Many 50+ move into new jobsPublished 6:17am Saturday, March 24, 2012
Call Cass County Council on Aging in Cassopolis and it’s likely the voice of Wendy Sanders on the other end of the line. She’s been the COA receptionist for a year.
As the number of workers age 50 and older soars, from 20 percent of the workforce in 1996 to 31 percent today, older employees might be carving out new careers, seeking different lives with more meaning or less stress.
In her previous life, Sanders had plenty of stress as a federal housing discrimination investigator for HUD, the Department of Housing and Urban Development, in Chicago.
Or they might be at a crossroads imposed by change, which Southwestern Michigan College or Lake Michigan College helped sort out for a longtime Whirlpool machinery operator interested in trying health care or a maintenance technician interested in stepping up to mechatronics.
Manufacturing isn’t dead, either, with lucrative jobs for CNC programmers in high demand. But the jobs often are shunned by younger workers.
When Sanders and her husband retired, they built a house on Paradise Lake.
Compared to her old life, answering the phone part-time at the COA is close by and “stress-free,” Sanders said.
She also coordinates out-of-county medical transportation for trips as close as Niles or Kalamazoo and as far as Ann Arbor.
A fulltime volunteer
Instead of working for a paycheck, Tom Celie became a dedicated volunteer.
“That’s how I created my second career,” Celie said.
“It keeps you young.”
Celie lives at Little Fish Lake in the Cassopolis-Marcellus area and has been a Cass County road commissioner since 2009.
When the accountant and controller retired after 35 years with National-Standard and Tyler Refrigeration (of Carrier Corp.) in Niles, he began by driving Meals on Wheels one day a week for COA, for which he has also assisted with tax preparation and is now a board member.
At the COA, Celie is also active with Handy Helpers, a program which provides repairs and builds wheelchair ramps.
Celie also serves on the Medical Care Facility board and volunteers with SCORE, the nonprofit association dedicated to helping small businesses get off the ground and grow and achieve their goals through education and mentorship.
Through SCORE, Celie is involved with the Niles Entrepreneurial and Culinary Incubator opening in May in the upper level of Leader Publications’ building in the former Pickwick Club with the help of $20,000 in federal Community Development Block Grant funds.
“It does keep me busy,” said Celie, “but it’s fulfilling.”
He admits he surprised himself with what has blossomed from a simple desire to give back to his community while broadening his horizons and continuing to learn.
The fastest-growing jobs projected by 2018, according to AARP, include home health aide — 460,900 new jobs, $20,460 2008 median wages, short-term on-the-job training required — personal and home care aide — 375,800 jobs, $19,180, short-term-on-the-job training required — and medical assistant — 163,900 jobs, $28,300, moderate-term on-the-job training — along with 175,100 computer software engineer positions requiring a bachelor’s degree to command $85,430.
SMC dean living his encore career
Tom Buszek, 58, the dean of the division of workforce education and business solutions at SMC’s Niles Area Campus in Milton Township, is a good person to speak with about second acts because he’s sort of following that script himself.
With a background in manufacturing, including employment with Frito-Lay, Buszek spent 17 years in human resources before joining SMC full-time 10 years ago.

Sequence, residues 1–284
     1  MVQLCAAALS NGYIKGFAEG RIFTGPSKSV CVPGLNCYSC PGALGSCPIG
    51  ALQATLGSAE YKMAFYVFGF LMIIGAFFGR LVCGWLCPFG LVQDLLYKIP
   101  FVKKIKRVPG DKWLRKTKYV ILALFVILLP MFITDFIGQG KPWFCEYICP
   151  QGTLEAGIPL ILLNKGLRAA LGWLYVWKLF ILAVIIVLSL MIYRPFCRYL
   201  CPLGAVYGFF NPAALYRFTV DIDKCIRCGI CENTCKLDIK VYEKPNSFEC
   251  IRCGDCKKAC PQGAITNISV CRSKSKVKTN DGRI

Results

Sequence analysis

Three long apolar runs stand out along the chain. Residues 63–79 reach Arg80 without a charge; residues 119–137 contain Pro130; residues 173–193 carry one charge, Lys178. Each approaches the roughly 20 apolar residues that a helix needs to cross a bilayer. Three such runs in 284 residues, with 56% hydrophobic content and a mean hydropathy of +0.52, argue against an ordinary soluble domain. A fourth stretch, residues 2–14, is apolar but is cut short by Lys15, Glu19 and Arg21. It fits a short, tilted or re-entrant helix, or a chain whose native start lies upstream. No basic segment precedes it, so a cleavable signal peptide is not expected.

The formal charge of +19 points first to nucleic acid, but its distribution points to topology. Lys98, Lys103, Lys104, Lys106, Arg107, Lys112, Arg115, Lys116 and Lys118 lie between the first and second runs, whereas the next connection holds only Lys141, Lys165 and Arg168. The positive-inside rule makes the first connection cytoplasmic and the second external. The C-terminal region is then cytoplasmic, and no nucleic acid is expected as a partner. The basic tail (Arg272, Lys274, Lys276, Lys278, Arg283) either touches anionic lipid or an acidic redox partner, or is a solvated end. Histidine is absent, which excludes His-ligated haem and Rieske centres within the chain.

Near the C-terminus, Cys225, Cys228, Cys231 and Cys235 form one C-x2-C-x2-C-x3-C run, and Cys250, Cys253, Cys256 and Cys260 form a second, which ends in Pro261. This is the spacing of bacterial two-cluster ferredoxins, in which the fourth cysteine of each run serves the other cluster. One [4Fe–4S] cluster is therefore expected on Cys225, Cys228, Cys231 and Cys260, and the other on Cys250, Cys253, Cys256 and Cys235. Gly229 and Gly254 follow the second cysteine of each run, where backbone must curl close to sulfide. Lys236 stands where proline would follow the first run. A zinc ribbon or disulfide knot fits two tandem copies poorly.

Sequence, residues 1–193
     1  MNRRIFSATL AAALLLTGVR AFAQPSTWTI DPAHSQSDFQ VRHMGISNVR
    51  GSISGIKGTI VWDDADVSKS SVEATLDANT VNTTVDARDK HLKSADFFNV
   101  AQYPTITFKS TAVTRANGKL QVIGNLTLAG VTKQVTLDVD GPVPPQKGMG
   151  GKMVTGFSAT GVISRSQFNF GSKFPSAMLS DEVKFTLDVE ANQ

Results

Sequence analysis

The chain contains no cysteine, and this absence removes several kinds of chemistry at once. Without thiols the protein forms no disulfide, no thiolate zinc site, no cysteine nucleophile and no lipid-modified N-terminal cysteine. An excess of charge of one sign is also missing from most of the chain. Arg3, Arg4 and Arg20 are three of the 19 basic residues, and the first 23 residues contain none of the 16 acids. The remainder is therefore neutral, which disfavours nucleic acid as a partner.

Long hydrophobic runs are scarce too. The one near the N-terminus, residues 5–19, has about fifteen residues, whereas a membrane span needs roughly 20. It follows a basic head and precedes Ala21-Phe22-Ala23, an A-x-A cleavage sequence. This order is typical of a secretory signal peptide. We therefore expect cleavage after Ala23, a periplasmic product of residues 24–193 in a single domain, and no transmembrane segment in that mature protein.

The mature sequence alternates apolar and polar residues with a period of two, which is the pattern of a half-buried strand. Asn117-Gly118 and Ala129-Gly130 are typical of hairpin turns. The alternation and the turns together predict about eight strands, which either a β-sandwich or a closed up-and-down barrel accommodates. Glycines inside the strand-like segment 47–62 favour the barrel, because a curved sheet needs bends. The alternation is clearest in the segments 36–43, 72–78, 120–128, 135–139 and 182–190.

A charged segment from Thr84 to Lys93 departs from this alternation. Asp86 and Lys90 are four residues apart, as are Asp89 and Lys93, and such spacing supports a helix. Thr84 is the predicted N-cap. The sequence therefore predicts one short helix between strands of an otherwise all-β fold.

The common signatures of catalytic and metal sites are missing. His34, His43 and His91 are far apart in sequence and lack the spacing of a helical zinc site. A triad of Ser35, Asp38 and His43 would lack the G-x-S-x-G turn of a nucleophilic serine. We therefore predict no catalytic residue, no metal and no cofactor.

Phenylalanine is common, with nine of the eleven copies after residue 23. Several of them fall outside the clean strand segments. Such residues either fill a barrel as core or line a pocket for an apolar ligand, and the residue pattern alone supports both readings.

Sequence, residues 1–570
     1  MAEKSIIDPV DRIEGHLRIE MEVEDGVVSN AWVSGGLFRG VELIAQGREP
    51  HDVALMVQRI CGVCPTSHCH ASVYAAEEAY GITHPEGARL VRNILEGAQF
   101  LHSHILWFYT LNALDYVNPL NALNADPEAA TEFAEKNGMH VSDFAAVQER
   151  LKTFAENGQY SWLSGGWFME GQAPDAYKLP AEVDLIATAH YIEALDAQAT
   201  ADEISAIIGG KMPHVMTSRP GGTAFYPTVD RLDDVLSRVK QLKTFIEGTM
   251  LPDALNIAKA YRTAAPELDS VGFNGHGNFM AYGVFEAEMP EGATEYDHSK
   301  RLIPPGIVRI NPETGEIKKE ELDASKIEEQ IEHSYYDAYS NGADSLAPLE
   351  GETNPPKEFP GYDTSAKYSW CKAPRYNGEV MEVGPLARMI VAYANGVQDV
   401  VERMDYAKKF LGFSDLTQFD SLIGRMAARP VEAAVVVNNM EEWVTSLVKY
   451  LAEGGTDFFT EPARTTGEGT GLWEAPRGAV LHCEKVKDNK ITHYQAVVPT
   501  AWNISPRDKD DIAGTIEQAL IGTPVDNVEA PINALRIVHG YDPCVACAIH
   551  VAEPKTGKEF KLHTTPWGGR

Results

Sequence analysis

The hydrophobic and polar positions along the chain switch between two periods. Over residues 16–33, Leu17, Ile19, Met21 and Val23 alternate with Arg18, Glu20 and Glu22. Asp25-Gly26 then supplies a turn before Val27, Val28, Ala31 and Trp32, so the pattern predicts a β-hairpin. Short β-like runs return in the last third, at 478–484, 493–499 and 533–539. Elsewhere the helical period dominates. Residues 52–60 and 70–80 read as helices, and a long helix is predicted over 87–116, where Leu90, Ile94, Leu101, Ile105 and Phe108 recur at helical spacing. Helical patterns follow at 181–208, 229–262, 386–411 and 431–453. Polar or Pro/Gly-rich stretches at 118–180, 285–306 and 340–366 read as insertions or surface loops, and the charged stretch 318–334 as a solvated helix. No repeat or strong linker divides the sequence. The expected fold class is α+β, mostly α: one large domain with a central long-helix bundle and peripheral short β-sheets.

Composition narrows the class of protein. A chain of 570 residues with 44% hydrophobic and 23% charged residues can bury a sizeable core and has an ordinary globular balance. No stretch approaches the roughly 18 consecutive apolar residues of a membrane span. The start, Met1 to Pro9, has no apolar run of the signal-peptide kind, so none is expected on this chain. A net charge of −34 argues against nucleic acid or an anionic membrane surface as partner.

Buszek came to this area from Detroit in 1984 and had been teaching on the adjunct faculty.
“Now I’m a dean,” he said.
Mechatronics, filtering down to the Van Buren Tech Center by fall, combines mechanical engineering, electronic engineering, computer engineering, software engineering, control engineering and systems design engineering to design and make useful products, though originally it referred to merely mechanics and electronics.
Buszek said employers in this area aren’t gigantic like a Ford or General Motors, but with more automation, still need multitalented individuals who can integrate robotics and maintain such systems which replace traditional factory jobs.
He is reminded of a college open house in December where a student’s laid-off father got interested in such a program for himself, since a maintenance background can be a launching pad.
“There are opportunities like that for adults who are nontraditional students,” Buszek said.
CNC machinists demand unabated
Buszek said demand for computer numerical control (CNC) remains strong, so it could be a “good career move for older workers” with an aptitude for problem-solving, math and computers.
“We just had our advisory committee meeting and heard it again,” Buszek said, adding, in the past three years, as bad as the economy has been, he couldn’t recall any CNC machinists being laid off. He said some employers are considering passing on jobs unbid unless the demand can be met.
“Manufacturing is far from dead,” he said, and, within two years, a good job would be available paying $60,000 to $75,000 within five years.
“If we had a graduating class of 20, all could be placed.”
Deborah Gillespie, training coordinator for community and business services in workforce development at Lake Michigan College’s M-Tech Center, noticed the career-change trend working with Whirlpool manufacturing employees who had been running machinery for 15 to 25 years.
While some wanted updating in computer skills, there was a segment which expressed they “wanted to give health care a try,” Gillespie said.
In response, LMC has introduced a number of short-term training preparation courses in such areas as pharmacy technician, certified nurse aide (CNA), patient registrar and electronic health.